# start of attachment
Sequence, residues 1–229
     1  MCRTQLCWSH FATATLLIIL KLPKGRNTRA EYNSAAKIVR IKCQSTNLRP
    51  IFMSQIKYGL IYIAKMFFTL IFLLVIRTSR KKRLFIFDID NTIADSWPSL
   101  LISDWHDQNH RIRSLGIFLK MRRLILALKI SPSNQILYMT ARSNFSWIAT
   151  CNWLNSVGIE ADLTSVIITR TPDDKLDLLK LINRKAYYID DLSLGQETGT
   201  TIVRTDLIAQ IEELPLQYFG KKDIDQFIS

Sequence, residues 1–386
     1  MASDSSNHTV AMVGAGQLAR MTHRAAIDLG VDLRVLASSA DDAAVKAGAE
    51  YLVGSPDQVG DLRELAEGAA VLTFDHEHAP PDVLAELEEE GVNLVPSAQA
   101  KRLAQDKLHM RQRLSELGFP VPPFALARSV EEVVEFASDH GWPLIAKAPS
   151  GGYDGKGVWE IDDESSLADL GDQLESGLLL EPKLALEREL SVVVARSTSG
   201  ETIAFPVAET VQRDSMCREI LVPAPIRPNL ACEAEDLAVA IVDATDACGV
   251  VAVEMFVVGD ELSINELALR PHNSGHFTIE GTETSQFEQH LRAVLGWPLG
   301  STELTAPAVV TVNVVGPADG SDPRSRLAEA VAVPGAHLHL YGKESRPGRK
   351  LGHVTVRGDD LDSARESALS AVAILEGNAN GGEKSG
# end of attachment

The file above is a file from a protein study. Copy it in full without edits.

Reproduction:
Sequence, residues 1–229
     1  MCRTQLCWSH FATATLLIIL KLPKGRNTRA EYNSAAKIVR IKCQSTNLRP
    51  IFMSQIKYGL IYIAKMFFTL IFLLVIRTSR KKRLFIFDID NTIADSWPSL
   101  LISDWHDQNH RIRSLGIFLK MRRLILALKI SPSNQILYMT ARSNFSWIAT
   151  CNWLNSVGIE ADLTSVIITR TPDDKLDLLK LINRKAYYID DLSLGQETGT
   201  TIVRTDLIAQ IEELPLQYFG KKDIDQFIS

Sequence, residues 1–386
     1  MASDSSNHTV AMVGAGQLAR MTHRAAIDLG VDLRVLASSA DDAAVKAGAE
    51  YLVGSPDQVG DLRELAEGAA VLTFDHEHAP PDVLAELEEE GVNLVPSAQA
   101  KRLAQDKLHM RQRLSELGFP VPPFALARSV EEVVEFASDH GWPLIAKAPS
   151  GGYDGKGVWE IDDESSLADL GDQLESGLLL EPKLALEREL SVVVARSTSG
   201  ETIAFPVAET VQRDSMCREI LVPAPIRPNL ACEAEDLAVA IVDATDACGV
   251  VAVEMFVVGD ELSINELALR PHNSGHFTIE GTETSQFEQH LRAVLGWPLG
   301  STELTAPAVV TVNVVGPADG SDPRSRLAEA VAVPGAHLHL YGKESRPGRK
   351  LGHVTVRGDD LDSARESALS AVAILEGNAN GGEKSG